What it really takes to become a professional photographer
You need more than creativity to become a great photographer. Benjamin Williamson knows the perfect balance and tools you need to be successful.
If a picture is worth a thousand words, then Benjamin Williamson has a voracious vocabulary.
With a commitment to his craft, Williamson, one of New England’s premiere landscape photographers, creates scenes that sing with life: moons that swell over colorful cityscapes, waves that crash onto rocky coastlines, ocean mist that envelopes shining lighthouses. Williamson invites his viewers on a journey through historic New England.
Like many photographers, Williamson works another job. For the past seven years he has bartended at Sea Dog Brewing Co. in Topsham, Maine. Though Williamson’s photos look like products of a lifetime of practice, he has only been pursuing photography for the last three years.
It’s true — to earn a living off of photography alone takes time and dedication to one’s craft as well as a drive to sustain business in whatever genre: landscape, portraiture, sports or otherwise. The decreasing cost of digital cameras and the increasing quality of smartphone photography has created a large number of amateur photographers and hobbyists.
But for serious photographers, being able to do what you love and share it with the world is reason enough to keep after your craft and pursue it professionally. Williamson shares how he balances his two jobs, what he must sacrifice and the breakdown of his typical day.
What do you enjoy about being a photographer?
The best part for me is being able to capture beautiful moments in time. I seek out these moments and I might not have even noticed them before I got into photography. Now I see the whole world differently.
What challenges come with being a landscape photographer and how do you handle them?
The challenges definitely come on the business end of being a photographer. As much as I love being out and taking photos, to be successful at what I do, I have to spend at least twice as much time responding to emails, completing sales, putting together products and pursuing other business opportunities. Did I say twice as much time? I meant 10 times as much.
What challenges do you find balancing photography with a day job (or night job)?
My job bartending perfectly dovetails my landscape photography pursuits. I am mostly a sunrise shooter, so working from 4 a.m. or 12 to 10 at night really doesn't get in the way. What it does leave me is very little time to spend with friends and family. That's tough, but they all seem to understand and really support what I'm doing.
What must you accomplish at the end of the day, or week, to feel successful as a photographer? What are your goals?
I was never much of a goal setter in my younger years, but having turned 32 recently, I've become more focused and a lot more ambitious. I write little lists of tasks that I need to finish for the week. Right now I have one in front of me that says, "Invoice, Print Order, Boston Globe Ad, Monster Interview, etc." I just cross them off as I finish them. I've developed a large following on social media, so posting regularly there is definitely a priority. My biggest goal is to keep getting out there day after day and making photos that tell some kind of story or shine attention on something that I think is important, mostly finding beauty and serenity in the world around us.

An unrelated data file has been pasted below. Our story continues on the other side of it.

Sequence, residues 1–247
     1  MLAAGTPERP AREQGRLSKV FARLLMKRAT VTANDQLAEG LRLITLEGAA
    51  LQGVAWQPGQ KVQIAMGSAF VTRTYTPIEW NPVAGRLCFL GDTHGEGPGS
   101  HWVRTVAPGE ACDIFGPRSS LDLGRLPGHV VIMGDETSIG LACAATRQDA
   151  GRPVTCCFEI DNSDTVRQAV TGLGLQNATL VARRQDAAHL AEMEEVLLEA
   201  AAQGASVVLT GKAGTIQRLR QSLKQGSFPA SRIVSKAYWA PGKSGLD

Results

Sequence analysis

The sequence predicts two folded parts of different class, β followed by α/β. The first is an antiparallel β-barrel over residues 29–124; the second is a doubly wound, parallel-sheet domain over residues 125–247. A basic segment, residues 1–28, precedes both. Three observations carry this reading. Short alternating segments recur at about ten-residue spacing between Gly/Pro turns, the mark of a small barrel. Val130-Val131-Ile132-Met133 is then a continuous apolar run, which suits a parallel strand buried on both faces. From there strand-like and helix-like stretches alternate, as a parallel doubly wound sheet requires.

As a landscape photographer what do you spend the most time doing? Shooting photos? Traveling? Editing? Updating social media and your websites?
I spend most of my time editing photos. An average day goes like this: I wake up at 4 a.m., grab a Clif Bar and a banana and jump in the car with my gear. I'll drive up to an hour to a scenic location and arrive before sunrise, usually in the twilight hour before. I'll explore the area and consider my options, set up and shoot the scene for about two hours as the light changes and eventually becomes too harsh for good landscape photos. After that I'll drive back home and plug my memory card into the computer and then spend about four hours editing, with the goal of posting at least one of the shots I got to social media before I go to work at four. Now, that isn't every day, just shooting days, which happen about once or twice a week, depending on the weather. The other days of the week I do make time for things like hiking, running, spending time with my wife and you know, eating lunch.
In your experience what must someone possess to be a professional photographer?
To be a professional photographer you have to really, really love what you are doing. You have to love making images so much that you are willing to put up with the extremely boring and mundane tasks like promoting yourself and making sales of your work. Many landscape photographers do this simply as a hobby for that reason. They have a job, are making money and use photography as a creative outlet. That is great, but that doesn't make you a professional. Being a professional means you are trying to run a business with your photography, something that doesn't come naturally to most creative types.
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